The youngest flu victim to succumb to the H1N1 virus in the Bay Area has been identified by his employer as 23-year-old Mathew Walker.
Walker spent the last two years working at G & G Supermarket in Santa Rosa.
Co-workers told KTVU he became sick a few days before Christmas and was admitted to the hospital shortly after that. He died on Wednesday from the H1N1 Virus.
“I was just heartsick when I found out,” said Tooch Colombo, one of Walker’s co-workers. “What’s not to like about this guy: young, good looking, impeccably dressed, friendly. I don’t understand how a guy that healthy could go that quick.”
Along with his supermarket job, Walker also worked for his father’s flooring company. Co-workers said Walker was healthy and didn’t have any pre-existing health problems.
“Very unexpected,” said Connie Petersen, G&G’s Human Resources Director. “23 years old is much too young to go. And he was a great guy he was, he was really friendly. Everybody loved him.”
At Santa Rosa’s Memorial Hospital Wednesday, where flu sufferers were streaming in, an emergency room doctor expressed surprise that a young man had died of influenza.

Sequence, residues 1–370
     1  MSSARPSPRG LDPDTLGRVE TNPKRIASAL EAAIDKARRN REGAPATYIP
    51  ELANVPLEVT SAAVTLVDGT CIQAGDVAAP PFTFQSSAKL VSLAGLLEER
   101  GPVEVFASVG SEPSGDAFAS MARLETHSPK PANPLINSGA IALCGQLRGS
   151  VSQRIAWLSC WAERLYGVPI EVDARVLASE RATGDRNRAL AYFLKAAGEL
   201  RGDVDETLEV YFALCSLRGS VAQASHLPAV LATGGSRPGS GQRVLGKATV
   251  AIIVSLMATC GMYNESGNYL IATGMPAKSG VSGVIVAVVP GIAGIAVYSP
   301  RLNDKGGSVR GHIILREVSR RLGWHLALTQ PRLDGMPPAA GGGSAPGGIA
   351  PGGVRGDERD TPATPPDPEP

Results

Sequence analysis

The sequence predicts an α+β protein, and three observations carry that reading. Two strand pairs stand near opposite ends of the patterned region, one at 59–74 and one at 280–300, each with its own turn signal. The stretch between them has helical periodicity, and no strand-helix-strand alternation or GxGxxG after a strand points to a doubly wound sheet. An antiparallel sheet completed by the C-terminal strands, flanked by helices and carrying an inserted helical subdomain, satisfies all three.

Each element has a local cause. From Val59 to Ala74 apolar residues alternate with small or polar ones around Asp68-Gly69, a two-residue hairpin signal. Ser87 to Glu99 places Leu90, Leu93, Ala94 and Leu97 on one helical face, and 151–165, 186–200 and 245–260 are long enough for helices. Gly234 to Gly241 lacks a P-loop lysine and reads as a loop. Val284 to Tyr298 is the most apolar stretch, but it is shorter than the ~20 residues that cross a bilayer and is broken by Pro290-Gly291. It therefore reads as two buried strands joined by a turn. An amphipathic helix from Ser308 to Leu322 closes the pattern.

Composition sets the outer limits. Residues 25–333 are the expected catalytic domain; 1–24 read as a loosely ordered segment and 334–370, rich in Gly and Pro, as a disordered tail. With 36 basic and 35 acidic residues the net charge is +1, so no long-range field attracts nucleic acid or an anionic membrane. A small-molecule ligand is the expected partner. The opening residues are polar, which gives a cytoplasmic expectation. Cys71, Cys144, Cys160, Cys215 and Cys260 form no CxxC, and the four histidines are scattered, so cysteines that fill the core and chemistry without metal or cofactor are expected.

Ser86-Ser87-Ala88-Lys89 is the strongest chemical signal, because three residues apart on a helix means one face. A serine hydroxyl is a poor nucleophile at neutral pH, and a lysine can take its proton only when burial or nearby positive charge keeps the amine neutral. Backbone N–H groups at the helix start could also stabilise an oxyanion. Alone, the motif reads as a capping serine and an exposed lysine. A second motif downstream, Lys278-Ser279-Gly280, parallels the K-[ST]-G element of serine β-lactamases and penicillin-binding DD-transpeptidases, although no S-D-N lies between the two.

“That is pretty unusual, a young healthy man dying of the flu. That’s pretty unusual but it can happen,” Dr. Evan Tobin told KTVU.
It happened in 2009-2010, when the flu struck down otherwise healthy, young and middle aged people, not considered high risk. Now H1N1 is back, part of the flu mix.
“It’s really all ages for this, sometimes they’re admitted, sometimes they go home, but in general they’re pretty sick,” explained Dr. Tobin.
The flu vaccine this year does cover the H1N1 strain, so it offers some protection from that particular strain.
California health officials say seven people have died from the flu so far this season, and more people are ending up in the hospital than expected.
The state Department of Public Health said Friday it is investigating an additional 28 deaths to determine if the flu is to blame.
All victims were under 65 years old. The state does not keep track of flu deaths in people older than 65.
While flu activity is up around the state, health officials said it’s not an unexpected increase. Flu season typically peaks in February or March.
The dominant strain this season is the H1N1 strain, which mostly affects young and middle-aged people. In 2009, a swine flu pandemic killed at least 150,000 people worldwide.